The benefits of the female astronaut were, to Lovelace, obvious. Women’s smaller bodies fit better in tiny space capsules. They ate and breathed less. That meant less fuel to launch. (Even for men, Project Mercury had a strict height and weight limit.) Plus, women had fewer heart attacks and were thought to do better in isolation.

So, after NASA and the Air Force scrapped a fledging program for female astronauts, Lovelace stepped in. With his own clinic's funds, he started the Women in Space Program. Starting with ace Jerrie Cobb, a select group of female pilots were invited to take the same grueling tests given by the same staff that the Mercury 7 received.

Thirteen women passed. It was a higher completion percentage than the group of men. Moreover, they set records, hitting marks the scientists thought impossible in isolation studies.

The elite group was dubbed the Mercury 13.

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Ace pilot Jerrie Cobb had the "right stuff"

But they never made it to space. NASA demanded an end to the program -- even as the Soviet Union sent a woman to space in 1963. Lovelace died in a place crash in 1966. And the pioneering pilots of Mercury 13 were forced to wait decades until Sally Ride and Eileen Collins took up their mantle.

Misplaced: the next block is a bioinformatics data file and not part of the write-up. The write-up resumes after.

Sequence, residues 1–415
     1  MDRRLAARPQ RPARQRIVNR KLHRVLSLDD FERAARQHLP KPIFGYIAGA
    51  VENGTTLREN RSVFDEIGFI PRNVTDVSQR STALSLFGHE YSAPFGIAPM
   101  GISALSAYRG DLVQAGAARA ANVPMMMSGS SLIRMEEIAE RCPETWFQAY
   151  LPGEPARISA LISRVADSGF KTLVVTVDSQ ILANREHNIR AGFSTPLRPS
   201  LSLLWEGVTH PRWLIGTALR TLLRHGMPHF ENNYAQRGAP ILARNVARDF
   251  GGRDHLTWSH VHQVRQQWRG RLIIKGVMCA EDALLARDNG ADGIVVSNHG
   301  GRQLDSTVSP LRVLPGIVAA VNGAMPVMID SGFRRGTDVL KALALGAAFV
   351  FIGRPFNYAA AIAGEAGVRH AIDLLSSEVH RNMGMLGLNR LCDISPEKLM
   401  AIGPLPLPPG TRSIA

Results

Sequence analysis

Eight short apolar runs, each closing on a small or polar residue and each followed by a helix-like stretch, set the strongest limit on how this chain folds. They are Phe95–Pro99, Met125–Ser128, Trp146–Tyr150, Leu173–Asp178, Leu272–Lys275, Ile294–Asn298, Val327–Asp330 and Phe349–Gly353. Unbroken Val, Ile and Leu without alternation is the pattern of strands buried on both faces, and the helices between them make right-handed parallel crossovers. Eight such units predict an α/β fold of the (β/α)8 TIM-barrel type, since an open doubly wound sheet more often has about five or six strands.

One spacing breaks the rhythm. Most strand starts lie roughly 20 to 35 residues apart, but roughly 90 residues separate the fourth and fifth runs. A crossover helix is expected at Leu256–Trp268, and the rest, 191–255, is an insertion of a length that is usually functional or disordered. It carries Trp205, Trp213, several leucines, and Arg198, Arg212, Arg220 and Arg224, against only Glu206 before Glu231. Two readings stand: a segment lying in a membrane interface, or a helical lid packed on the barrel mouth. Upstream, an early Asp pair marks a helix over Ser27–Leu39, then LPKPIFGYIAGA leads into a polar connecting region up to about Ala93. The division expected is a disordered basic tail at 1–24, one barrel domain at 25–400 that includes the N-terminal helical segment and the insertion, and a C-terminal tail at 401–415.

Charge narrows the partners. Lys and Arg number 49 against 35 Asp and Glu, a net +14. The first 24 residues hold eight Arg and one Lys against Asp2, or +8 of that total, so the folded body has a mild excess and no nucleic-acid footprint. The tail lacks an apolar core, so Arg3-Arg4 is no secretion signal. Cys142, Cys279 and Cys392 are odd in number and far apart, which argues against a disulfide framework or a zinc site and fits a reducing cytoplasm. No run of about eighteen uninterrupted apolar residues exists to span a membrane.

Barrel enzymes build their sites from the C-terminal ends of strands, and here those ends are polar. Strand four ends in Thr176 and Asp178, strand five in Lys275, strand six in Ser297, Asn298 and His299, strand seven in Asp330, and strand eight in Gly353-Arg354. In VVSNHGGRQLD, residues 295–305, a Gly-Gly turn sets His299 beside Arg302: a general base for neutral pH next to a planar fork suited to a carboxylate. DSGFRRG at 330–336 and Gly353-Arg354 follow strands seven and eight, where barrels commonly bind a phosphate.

The Seamstresses of Playtex

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Playtex offered some serious support for the Apollo mission

How’s this for a segue: from Lovelace we shuttle over to the maker of lacy undergarments. Because it was International Latex Company, better known for its consumer brand Playtex, that constructed the A7L -- the first spacesuit worn on the moon.

Yes. This company made the Apollo spacesuit.

The epic, heartwarming tale of bra-maker versus military-industrial complex started in 1962, when a Playtex creation won a NASA contract to design the Apollo spacesuit. The NASA of the era -- perhaps uncomfortable granting such responsibility to the untrusted crafters of icky girl stuff -- relegated Playtex to subcontractor status under aerospace giant Hamilton Standard. The relationship between Hamilton and Playtex quickly came unhooked. Hamilton submitted its own prototype suit to NASA. When that failed, Playtex got the blame, and a pink slip.

the rx2a suit
Other suits allowed all the movement of a sea cucumber

But our intrepid brassiere heroes persevered. Under the guidance of a chief engineer who got his start as the CEO’s TV repairman, the Playtex crew broke into a Hamilton office to steal back their original design. Their team of seamstresses worked 24-hour shifts to get their suit into shape for a three-way competition in 1965. The other entries favored a rigid, industrial design that made movement slightly, well, impossible. (Indeed, one competing entry couldn’t fit through the door of the capsule. The other entry's helmet blew up.)